The Activists Who Defended The Venezuelan Embassy, ​​Won

| Resist!

Above Photo: The activists resisted the siege for more than a month (Photo: EFE)

When Reverend Jesse Jackson, icon of the civil rights struggle in the States, delivered food to four activists at the Venezuelan embassy this Wednesday, a cold must have flowed through the back of Secretary of State Mike Pompeo.

Every time the activists needed food or water, a public figure could be out there to give it to them and it would be much harder for the Secret Service and the anti-Chavistas to stop them. And if they did it with blows, the photo would go around the world as in fact it was happening with many of the clashes that took place outside the embassy.  

The reaction was immediate: a day later, Mike Pompeo ordered the State Department to invade the Venezuelan embassy in Washington in violation of articles 32 and 45 of the Vienna Convention, which states that the receiving State is in charge of protecting the diplomatic headquarters from another country, and in case of a rupture of relations, the custody of the same should be granted to a third State accepted by both parties.

Thus, the United States used the Vienna Convention as a toilet paper, after besieging the embassy for more than a month with the anti-Chavistas of squires.  


The wet dream of Juan Guaidó ended up being fulfilled: the United States, finally, invaded Venezuela, without clowns like its representative in the United States, Carlos Vecchio, could have avoided with his people, the bad swallow of seeing the pictures of Secret Service officers in the embassy.

The first thing to remember is that according to Vecchio’s arrogance, the taking of the embassy was little more than a formality in which he had to go to sign a paper and enter the big door, escorted by the Secret Service. The process, however, became entangled with time, so much so that he had to wait in line with the invasion order of the State Department.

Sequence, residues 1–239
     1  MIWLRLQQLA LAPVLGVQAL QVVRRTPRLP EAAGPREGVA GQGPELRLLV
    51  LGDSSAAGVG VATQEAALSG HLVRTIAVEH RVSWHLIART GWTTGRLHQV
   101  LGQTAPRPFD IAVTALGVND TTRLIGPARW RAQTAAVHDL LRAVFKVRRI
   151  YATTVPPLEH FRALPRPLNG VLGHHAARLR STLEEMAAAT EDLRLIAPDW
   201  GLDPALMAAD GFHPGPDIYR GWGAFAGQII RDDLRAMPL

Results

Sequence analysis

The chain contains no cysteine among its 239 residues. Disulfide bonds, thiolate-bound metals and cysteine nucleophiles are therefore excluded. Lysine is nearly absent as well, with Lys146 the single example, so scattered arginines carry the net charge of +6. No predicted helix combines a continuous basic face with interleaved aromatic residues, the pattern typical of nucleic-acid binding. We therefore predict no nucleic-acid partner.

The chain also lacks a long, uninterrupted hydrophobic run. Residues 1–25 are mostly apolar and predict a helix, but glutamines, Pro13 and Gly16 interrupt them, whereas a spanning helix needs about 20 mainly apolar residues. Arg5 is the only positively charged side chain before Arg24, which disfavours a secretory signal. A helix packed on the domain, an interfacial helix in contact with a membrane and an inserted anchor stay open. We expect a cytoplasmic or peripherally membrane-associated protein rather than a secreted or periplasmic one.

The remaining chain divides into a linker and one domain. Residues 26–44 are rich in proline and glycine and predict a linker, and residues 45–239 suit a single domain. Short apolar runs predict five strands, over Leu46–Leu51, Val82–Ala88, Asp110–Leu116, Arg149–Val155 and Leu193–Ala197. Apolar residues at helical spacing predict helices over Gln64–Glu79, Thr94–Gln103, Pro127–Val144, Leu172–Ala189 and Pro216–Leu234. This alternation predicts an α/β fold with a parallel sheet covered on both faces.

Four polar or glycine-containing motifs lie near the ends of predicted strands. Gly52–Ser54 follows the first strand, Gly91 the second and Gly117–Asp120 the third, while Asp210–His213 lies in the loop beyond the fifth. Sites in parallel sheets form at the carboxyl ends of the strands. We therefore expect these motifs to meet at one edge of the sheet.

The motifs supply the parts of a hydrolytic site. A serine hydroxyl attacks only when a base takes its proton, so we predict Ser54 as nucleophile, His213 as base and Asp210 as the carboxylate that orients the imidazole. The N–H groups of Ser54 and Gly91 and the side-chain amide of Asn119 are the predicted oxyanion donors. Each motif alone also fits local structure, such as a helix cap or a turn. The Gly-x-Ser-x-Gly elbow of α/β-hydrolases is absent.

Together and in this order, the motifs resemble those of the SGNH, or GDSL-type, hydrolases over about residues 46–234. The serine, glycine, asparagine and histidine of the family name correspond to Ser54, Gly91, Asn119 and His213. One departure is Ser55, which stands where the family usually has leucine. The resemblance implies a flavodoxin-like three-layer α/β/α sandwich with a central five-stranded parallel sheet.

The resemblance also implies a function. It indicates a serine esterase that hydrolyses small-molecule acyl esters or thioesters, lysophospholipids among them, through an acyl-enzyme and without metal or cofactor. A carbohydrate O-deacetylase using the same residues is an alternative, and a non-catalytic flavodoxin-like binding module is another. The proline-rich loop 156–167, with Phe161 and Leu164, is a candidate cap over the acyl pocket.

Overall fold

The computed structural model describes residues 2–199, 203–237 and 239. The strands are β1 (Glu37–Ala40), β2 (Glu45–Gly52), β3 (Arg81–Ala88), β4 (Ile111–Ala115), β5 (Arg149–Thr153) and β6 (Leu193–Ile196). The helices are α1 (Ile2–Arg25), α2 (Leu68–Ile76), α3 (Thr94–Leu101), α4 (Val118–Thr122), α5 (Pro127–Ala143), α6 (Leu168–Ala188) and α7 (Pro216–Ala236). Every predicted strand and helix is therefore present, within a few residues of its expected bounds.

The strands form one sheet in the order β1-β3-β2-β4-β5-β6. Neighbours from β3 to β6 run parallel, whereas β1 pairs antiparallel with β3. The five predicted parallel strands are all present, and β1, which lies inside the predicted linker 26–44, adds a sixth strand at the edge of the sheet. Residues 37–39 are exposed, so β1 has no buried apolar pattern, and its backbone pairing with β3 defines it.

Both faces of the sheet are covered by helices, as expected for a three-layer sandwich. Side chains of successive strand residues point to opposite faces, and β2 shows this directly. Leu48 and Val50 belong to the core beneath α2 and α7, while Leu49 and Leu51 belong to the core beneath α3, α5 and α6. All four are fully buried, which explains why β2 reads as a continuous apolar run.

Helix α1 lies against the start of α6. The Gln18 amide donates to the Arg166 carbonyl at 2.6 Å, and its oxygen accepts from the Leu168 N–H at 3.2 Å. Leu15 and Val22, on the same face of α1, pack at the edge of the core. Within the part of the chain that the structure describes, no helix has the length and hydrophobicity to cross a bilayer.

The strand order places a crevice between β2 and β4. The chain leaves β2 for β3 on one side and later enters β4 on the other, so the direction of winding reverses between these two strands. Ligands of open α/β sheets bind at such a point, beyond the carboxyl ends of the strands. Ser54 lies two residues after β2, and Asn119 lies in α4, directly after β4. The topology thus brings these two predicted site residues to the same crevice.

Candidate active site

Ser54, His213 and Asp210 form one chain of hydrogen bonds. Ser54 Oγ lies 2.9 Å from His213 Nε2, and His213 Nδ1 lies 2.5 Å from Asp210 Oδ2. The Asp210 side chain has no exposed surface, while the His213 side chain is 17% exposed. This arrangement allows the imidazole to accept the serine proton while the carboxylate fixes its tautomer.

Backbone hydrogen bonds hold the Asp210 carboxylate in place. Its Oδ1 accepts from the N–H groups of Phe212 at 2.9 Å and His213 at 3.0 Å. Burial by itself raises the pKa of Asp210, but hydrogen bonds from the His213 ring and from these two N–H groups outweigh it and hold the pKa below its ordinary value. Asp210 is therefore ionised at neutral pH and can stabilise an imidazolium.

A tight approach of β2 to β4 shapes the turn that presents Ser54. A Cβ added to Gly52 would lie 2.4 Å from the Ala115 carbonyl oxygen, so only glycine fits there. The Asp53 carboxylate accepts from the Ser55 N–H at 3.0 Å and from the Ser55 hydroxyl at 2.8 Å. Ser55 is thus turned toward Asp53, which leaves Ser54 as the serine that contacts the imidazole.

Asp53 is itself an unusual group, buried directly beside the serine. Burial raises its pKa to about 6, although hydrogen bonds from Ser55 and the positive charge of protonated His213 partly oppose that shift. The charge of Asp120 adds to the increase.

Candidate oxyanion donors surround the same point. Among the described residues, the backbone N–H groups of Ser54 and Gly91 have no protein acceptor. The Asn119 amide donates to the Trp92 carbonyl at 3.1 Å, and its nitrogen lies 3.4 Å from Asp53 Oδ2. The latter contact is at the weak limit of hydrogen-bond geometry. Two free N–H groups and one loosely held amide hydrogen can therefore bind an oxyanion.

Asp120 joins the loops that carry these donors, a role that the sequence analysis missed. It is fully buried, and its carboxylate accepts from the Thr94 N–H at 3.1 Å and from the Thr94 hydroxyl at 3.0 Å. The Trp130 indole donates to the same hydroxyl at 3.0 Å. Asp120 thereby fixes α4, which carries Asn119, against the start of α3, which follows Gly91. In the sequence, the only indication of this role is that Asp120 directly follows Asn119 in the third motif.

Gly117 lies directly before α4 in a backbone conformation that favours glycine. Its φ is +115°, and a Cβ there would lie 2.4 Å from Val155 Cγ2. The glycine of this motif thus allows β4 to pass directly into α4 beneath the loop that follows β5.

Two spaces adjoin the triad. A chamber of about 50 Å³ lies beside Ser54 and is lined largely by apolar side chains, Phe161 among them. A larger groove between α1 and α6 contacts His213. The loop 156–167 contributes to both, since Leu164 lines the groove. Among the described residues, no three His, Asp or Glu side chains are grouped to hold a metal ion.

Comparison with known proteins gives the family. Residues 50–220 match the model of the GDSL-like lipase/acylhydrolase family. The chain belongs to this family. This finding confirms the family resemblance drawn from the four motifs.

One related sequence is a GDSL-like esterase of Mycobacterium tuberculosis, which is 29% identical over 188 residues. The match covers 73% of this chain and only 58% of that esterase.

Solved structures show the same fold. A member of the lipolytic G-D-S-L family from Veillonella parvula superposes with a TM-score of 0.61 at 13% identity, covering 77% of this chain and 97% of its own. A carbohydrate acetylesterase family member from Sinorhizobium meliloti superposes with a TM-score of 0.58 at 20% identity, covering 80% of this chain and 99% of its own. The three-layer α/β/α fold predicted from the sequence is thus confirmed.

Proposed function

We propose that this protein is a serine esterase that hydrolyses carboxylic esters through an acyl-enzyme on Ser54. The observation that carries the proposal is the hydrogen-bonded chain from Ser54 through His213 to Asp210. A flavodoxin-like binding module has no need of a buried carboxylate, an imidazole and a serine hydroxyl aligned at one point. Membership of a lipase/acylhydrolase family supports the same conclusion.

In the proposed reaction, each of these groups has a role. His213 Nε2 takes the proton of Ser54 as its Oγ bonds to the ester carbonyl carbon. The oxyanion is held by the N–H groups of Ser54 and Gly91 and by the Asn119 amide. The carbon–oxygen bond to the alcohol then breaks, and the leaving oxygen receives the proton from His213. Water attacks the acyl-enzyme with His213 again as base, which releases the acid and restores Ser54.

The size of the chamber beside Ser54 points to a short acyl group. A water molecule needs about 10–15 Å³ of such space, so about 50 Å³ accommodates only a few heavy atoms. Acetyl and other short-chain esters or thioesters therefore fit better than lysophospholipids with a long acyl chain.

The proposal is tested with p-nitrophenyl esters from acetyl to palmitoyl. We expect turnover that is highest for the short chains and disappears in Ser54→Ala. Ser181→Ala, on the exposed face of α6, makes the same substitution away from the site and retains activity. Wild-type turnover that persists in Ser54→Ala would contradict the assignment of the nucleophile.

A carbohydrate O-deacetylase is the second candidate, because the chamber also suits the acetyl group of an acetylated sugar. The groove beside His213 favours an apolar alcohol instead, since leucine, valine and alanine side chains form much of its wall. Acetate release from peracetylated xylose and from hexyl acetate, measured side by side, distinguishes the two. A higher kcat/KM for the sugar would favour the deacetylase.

His voice in a week recorded it fully: last Thursday celebrated euphoric as it was given a “share of failed socialism” to the 50 activists with the cut of electricity in the embassy, ​​and this Wednesday he prayed that the Reverend Jesse Jackcson would realize that “he supported a brutal dictatorship.”

Completely misplaced, Vecchio witnessed the coup of public opinion that the Embassy Protection Collective handed him out of the comfortable playing field in which anti-Chavez leaders give a pre-fabricated speech of “struggle against dictatorship and defense of human rights” . What was going to be a proceeding with a quota of fake epic (restorer of democracy) became a comedy of entanglements, where his followers were portrayed hitting American citizens.  

Instead, the pulse of the embassy became a kind of HD (or 3D) simulation of the US war against Venezuela. Live and direct, the American public observed how their own people were treated in the same way that Venezuelans are treated, beyond their political position.

In that sense, the cleavage that completely dislodged Vecchio was that the discussion began to pass through the division between those in favor and against a war in Venezuela.


In World War I, one of the fundamental tasks of the United States Public Information Commission was to sell to the Americans that entry into the struggle was necessary to defend their interests. “To accept something initially unwanted that followed a certain agenda,” wrote Walter Lipptman, one of the members of the commission. 

Edward Bernays, author of  Consent Engineer,  stated that “the best way to do it was to create news that appealed to the emotions of the public so that the ideas to be transported could come better”. The father of the false news thus determined that in this way a consensus could be drawn up in favor of the war.

At a certain point, what generated the Embassy Protection Collective was empathy with their cause to be located as the victims of the outrage of the Secret Service and the anti-Chavez mob. After all, they are Americans who are protesting against a war in Venezuela that would not fix any problem in the United States, like the other Tampooco did.